The diversification strategy represented by Audi-Volkswagen’s acquisition of Ducati is horizontal diversification. The latter occurs when a company or corporate makes a decision to add new services or products that are unrelated to the existing products and services either commercially or technologically. In this strategy, the addition of the new services or products is because they may be appealing to an organization’s current customers. The horizontal diversification strategy has a tendency of increasing the dependence of companies or firms on particular market segments that are already covered by old but high-quality products and services. In this case, VW’s Audi unit aims at venturing into the manufacture and sale of motorcycles as an additional product to the firm’s automobiles (Rauwald, 2012).
Expansion is essential to firms that aim at maximizing profitability and gaining competitive advantage in a particular market. The two most common expansion modes that firms leverage on are the equity and non-equity modes. For the case of Volkswagen, it used an equity expansion mode to diversify into the motorcycle industry. The equity expansion mode entails joint ventures, acquisitions and purchases, as well as wholly owned subsidiaries. However, there is a high risk that can accompany this technique, which is the minimum or no return on investment.
Firms leverage on business level strategies to give value to customers as well as gain a competitive advantage in particular markets. Volkswagen’s business level strategy is to offer a broad range of products to customers including passenger cars, trucks, buses, commercial vehicles, large-bore diesel engines, special gear units, and turbo machinery. The acquisition of Ducati has expanded the range of products offered to customers to include motorcycles.
The acquisition of the Ducati, which has since seen VW venture into the production and distribution of motorcycles other than automobiles highlights its business strategy of offering a wide range of products and services to customers. However, the acquisition of the Ducati does not make sense bearing in mind its benefits versus the costs incurred. VW acquired the Ducati for around $ 1.1 billion in 2012, and this was inclusive of debt (Rauwald, 2012). VW has invested a lot to implement necessary changes to make Ducati more acceptable to customers. Significant changes have been made by VW to the company’s racing program, but the benefits have not been seen. Despite reporting record-breaking sales in 2012, when 44, 102 motorcycles were moved; the profits remain significantly low as compared to the $1.1 billion used in the acquisition of the Ducati (Flannery, 2014). As such, VW’s acquisition of the Ducati does not make sense.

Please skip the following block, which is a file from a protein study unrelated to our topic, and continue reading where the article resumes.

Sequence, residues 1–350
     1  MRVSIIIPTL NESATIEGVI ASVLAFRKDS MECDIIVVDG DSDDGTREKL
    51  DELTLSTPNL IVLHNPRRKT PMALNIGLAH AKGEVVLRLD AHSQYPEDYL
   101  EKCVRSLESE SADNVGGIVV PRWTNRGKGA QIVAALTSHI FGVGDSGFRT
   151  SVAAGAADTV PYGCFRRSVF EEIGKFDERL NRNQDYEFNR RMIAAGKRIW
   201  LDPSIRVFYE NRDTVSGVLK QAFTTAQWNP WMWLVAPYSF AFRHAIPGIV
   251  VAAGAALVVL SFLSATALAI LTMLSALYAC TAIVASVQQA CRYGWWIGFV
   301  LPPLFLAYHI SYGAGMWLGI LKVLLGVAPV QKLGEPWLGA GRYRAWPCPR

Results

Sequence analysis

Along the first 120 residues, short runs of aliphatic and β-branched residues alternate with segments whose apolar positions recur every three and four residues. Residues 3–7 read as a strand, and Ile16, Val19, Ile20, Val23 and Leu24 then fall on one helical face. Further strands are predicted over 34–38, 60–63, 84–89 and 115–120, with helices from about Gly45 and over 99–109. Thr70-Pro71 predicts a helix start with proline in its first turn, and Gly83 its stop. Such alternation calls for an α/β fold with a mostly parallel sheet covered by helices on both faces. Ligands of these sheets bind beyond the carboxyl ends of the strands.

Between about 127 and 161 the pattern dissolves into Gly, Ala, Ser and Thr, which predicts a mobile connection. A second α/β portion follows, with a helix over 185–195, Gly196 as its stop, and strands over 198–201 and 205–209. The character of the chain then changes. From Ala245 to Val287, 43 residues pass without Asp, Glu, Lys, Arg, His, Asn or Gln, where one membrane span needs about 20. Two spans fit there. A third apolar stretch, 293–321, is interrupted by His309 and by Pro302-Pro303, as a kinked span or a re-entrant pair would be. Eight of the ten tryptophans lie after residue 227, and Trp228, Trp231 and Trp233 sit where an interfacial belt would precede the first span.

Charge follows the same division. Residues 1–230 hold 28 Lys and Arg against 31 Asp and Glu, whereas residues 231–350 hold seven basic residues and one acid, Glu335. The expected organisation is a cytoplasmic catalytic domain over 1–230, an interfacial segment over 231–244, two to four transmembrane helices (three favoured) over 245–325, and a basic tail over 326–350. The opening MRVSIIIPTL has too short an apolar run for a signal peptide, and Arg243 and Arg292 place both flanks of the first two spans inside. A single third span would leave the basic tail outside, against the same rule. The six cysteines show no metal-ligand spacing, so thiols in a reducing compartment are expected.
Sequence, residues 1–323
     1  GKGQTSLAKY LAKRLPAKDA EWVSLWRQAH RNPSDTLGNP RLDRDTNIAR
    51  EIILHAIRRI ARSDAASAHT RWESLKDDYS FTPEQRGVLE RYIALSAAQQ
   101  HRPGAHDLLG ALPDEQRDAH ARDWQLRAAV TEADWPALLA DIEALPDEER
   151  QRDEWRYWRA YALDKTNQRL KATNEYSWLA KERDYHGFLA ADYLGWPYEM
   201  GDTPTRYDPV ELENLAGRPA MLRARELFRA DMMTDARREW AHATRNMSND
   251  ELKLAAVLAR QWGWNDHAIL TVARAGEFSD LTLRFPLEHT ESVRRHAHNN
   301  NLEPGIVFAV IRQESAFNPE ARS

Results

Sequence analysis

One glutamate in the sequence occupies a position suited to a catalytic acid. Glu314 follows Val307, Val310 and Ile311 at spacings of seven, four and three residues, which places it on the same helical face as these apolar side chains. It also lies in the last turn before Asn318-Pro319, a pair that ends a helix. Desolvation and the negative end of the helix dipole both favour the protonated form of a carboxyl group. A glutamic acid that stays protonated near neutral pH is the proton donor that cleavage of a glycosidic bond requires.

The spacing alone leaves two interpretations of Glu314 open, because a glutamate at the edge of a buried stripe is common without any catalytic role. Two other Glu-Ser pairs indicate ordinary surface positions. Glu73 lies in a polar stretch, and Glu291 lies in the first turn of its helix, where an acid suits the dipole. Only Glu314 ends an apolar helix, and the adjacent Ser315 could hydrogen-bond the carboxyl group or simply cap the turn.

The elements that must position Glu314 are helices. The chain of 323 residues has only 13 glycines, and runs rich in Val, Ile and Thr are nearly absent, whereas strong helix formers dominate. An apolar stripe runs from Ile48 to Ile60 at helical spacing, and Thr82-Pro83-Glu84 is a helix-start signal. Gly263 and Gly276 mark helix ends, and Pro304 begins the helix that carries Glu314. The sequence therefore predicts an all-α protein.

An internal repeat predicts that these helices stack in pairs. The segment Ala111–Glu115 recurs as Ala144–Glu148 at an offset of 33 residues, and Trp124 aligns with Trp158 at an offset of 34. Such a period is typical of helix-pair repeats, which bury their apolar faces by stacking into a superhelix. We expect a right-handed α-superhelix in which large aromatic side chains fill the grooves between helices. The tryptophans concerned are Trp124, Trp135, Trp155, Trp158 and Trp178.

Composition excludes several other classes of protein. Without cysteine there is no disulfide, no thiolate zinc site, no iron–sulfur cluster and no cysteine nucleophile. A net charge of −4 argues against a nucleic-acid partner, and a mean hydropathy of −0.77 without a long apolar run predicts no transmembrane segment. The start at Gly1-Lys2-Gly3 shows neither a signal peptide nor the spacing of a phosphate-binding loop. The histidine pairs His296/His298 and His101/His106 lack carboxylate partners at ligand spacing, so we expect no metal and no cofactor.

As mentioned above, the benefits of VW’s acquisition of the Ducati do not justify the $1.1 billion purchase price. First, despite the enormous purchase price, the Ducati remains unsuccessful on the track and is far from reaching the success levels enjoyed by rival firms such as Honda. The fact that renowned riders such as Andrea Dovizioso abandoned the Ducati for other brands such as Honda also underscores the extent to which the $1.1 billion purchase price remains unjustified. After the purchase of the Ducati for a purchase price of approximately $1.1 billion, only 44, 102 bikes were moved in 2012 and 44, 287 in 2013 (Flannery, 2014). The profits obtained from the sale of the Ducati bikes were insignificant such that they could not in any way justify the $1.1 billion purchase price.
Rauwald, C. (April 18, 2012). Audi Nears Ducati Purchase. Wall Street Journal.
Flannery, N.P. (September 29, 2014). Can Volkswagen Help Ducati Rebuild Its Reputation? Forbes. Retrieved from http://www.forbes.com/sites/nathanielparishflannery/2014/09/29/can-volkswagen-help-ducati-rebuild-its-reputation/#5aadf017e6d4